Getting children to eat healthy is not always an easy task; so here are a few books and resources that will make this topic a bit easier to swallow, for both children and parents.
Too Pickey! Jean Reidy
Too wrinkly, too squishy, too fruity, too fishy! It's lunchtime, but our fussy little boy does not like a single item on his plate. What is a boy to eat? Reidy's playful rhyming text is once again brought to life by Leloup's stylish bold art. Parents (and children) will love the hilarious antics the boy goes through, and the reassuring joy at the end of all that kitchen-table drama.
Jake Goes Peanuts Michael Wright
He would not try tomatoes or a single Brussels sprout. And if he tasted something new, he'd spit that thing right out. Jake is a picky eater. Everything new makes Jake's list of foods he doesn't like. Everything except peanut butter. Jake loves peanut butter. Does the whole family have to eat peanuts for every meal? Peanut butter pancakes? Even peanut butter pot roast?! Will Jake ever try something new? The answer will delight children and their (not-so-picky) parents!
Harry Hungry! Steven Salerno
Harry's gonna MUNCH, and CRUNCH, and eat everything in sight! Blueberries are a fine snack for some babies. But not this little guy. Harry is hungry! His tummy grumbles and rumbles. Momma asks him to wait just a minute. But Harry can't, Harry won't. Off he goes to munch the flower bed, the neighbor's house, the school! Will nothing stop this hungry baby? Steven Salerno's entertaining illustrations and spirited story transform a universal experience into a feast of fantasy that readers of all ages will relish.
Chew, Chew, Gulp! Lauren Thompson
New York Times bestselling author Lauren Thompson and acclaimed illustrator Jarrett J. Krosoczka show readers the joys of eating in this bright, rhythmic book that's perfect for the youngest chompers and gulpers. Every page features kids devouring their favorite foods, accompanied by bouncy rhyming text and a corresponding label for what's being eaten. Crunching, munching, gobbling, or guzzling! There are so many different ways to eat, each one more fun than the last!
The Kings Taster Kenneth Oppel
The royal chef takes Max the dog, the royal taster, on several international journeys to find a dish for the land's pickiest king.
Night of the Veggie Monster George McClements.
When just a single pea touches the lips of this determined vegetable hater, an enormous battle of war and peas begins. But our hero doesn't just cry, whine, or refuse to swallow. He turns into a VEGGIE MONSTER! That is until... gulp! He accidentally swallows the pea, and realizes that maybe vegetables aren't so bad after all. At least until broccoli night comes around. With inventive mixed-media illustrations and a short, snappy text that combines a child's dinner-time drama with a hilarious parents'-eye-view, George McClements has created a wry and funny story that just might inspire a few veggie monsters out there to give peas a chance.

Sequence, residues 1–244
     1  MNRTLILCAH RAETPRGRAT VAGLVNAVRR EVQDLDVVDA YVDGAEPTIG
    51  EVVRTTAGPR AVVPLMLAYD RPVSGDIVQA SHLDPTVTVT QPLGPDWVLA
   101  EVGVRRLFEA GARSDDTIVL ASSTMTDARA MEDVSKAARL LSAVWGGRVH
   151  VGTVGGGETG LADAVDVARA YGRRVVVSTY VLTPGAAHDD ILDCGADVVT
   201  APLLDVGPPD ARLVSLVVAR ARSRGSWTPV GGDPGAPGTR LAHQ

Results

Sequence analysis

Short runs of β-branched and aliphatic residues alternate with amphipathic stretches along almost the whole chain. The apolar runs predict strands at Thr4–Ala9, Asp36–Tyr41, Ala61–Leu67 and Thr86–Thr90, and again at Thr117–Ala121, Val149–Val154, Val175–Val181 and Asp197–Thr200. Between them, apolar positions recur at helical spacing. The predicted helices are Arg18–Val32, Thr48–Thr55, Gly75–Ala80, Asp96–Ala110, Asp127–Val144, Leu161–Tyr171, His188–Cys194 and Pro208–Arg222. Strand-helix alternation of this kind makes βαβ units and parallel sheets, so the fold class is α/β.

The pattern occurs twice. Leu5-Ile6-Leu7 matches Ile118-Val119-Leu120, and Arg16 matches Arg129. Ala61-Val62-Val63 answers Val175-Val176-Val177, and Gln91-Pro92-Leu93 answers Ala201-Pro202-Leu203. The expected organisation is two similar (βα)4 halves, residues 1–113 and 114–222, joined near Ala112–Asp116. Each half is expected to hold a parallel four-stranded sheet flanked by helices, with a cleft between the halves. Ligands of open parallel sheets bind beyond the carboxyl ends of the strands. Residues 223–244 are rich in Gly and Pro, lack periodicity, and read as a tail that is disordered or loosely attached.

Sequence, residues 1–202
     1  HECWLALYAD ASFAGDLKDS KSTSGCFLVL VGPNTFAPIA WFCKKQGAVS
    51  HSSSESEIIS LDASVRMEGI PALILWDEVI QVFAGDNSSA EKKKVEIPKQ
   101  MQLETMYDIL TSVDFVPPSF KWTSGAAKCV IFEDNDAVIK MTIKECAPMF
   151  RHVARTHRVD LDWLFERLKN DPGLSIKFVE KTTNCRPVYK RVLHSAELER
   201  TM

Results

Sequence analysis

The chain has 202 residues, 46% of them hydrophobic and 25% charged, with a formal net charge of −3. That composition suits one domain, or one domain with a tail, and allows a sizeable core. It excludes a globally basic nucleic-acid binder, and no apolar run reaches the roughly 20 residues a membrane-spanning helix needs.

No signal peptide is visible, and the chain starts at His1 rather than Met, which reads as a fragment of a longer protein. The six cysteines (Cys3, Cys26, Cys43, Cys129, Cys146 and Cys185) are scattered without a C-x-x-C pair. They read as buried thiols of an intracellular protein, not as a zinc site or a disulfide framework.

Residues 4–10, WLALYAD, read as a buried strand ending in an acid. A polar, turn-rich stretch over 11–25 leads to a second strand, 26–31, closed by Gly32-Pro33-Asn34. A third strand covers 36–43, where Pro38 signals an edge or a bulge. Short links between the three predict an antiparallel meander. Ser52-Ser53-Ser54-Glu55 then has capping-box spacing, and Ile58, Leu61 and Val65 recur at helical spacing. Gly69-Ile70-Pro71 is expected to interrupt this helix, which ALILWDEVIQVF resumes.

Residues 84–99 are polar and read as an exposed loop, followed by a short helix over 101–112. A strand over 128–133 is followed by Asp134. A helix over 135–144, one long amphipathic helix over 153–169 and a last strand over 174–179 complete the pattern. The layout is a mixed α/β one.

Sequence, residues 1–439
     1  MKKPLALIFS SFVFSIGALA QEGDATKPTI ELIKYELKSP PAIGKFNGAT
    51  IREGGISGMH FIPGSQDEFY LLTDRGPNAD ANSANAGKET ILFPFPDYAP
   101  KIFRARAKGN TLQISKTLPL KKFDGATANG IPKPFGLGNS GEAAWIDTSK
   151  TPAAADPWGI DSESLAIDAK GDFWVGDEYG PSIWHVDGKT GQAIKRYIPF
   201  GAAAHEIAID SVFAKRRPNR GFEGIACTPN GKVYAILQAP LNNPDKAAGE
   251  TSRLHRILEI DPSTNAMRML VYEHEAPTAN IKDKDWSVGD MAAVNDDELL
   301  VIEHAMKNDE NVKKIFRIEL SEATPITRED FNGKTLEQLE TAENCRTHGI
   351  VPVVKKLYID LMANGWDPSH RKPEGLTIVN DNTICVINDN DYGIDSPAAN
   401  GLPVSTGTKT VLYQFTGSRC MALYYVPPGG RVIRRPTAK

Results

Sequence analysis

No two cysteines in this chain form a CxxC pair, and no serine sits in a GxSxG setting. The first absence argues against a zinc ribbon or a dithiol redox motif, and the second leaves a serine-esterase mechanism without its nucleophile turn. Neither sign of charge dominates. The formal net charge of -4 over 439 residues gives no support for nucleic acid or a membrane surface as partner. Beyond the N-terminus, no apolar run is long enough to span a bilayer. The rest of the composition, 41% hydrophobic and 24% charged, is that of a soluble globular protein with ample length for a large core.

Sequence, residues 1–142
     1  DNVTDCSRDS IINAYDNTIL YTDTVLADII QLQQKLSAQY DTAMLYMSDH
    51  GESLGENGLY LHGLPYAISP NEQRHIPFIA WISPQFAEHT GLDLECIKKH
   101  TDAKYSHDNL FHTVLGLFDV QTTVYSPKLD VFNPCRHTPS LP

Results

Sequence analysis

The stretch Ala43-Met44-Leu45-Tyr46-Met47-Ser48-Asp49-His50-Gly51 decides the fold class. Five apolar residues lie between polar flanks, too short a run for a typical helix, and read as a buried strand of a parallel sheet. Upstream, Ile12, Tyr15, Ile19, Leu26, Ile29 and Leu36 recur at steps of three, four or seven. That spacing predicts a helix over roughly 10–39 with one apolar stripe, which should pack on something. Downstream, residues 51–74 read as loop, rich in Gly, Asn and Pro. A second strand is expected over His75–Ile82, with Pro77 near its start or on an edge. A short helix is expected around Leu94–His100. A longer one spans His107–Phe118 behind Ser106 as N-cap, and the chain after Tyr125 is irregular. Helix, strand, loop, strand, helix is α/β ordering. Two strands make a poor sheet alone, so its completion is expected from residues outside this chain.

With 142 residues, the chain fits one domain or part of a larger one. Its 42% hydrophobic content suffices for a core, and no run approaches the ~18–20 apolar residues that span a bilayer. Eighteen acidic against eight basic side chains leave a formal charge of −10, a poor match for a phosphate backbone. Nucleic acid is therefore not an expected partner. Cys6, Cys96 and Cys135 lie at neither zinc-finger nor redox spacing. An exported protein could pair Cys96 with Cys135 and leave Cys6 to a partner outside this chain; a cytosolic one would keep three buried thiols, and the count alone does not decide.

I'd Really Like to Eat a Child Sylviane Donnio
A scrawny little crocodile wants the opportunity to bite off more than he can chew. He's tired of bananas; today he'd like to eat a child. But he's smaller than he thinks, and the little girl he chooses for his first meal puts him in his place; for she picks him up and tickles his tummy! The little crocodile is going to have to eat a lot of bananas and grow a lot bigger before he can add children to his menu! Simple yet hilarious artwork brings this droll story to life.
Princess Picky Marjorie Priceman
Princess Nicki has perfect posture, wears perfect princess attire, and has perfectly memorized every chapter of "Manners for Monarchs," but she refuses to eat her vegetables. From Caldecott Honor recipient Marjorie Priceman comes a droll, playful story about a perfectly picky eater.
Kid Friendly Cookbooks
This book includes twenty child-tested recipes including such delicacies as Counting Soup, Chewy Energy Circles, and Polka Dot Rice. Each illustrated recipe offers the child chef the opportunity to count, measure, mix, assemble, and most important, have fun. Designed as do-together projects, with the child as chef and the adult as assistant, these kitchen adventures will give children confidence in their cooking skills and inspire a life-long healthy relationship with food. With Salad People and a little time in the kitchen, budding chefs will cheer: "I like it because I made it myself!"
Over 100 easy-to-follow recipes that contain only three ingredients while being kid-friendly and healthy.
Learning About Food
Where Does Food Come From? Shelley Rotner
Examines where favorite foods come from and how they begin. Fruits, grains, vegetables, dairy, nuts, sugars and salt are examined. This book is geared to a younger audience and thus,does not cover the topic of meat.
What the World Eats Faith D'Aluisio
Older children might like to examine the world around them through a closer look at what people eat. Cultural geographers Menzel and D'Aluisio visited 25 families in 21 countries to create this fascinating look at what people around the world eat in a week. Meet a family that hunts for seal and fish together; a family that raises and eats guinea pigs; and a family that drinks six gallons of Coca-Cola a week.
Food for Thought : Ideas for Parents of Preschoolers Barbara Farner ; University of Illinois Extension.
We can!: Ways to Enhance Children's Activity and Nutrition National Heart, Lung, and Blood Institute
Recipes for Healthy Kids Challenge.gov.
Choose My Plate USDA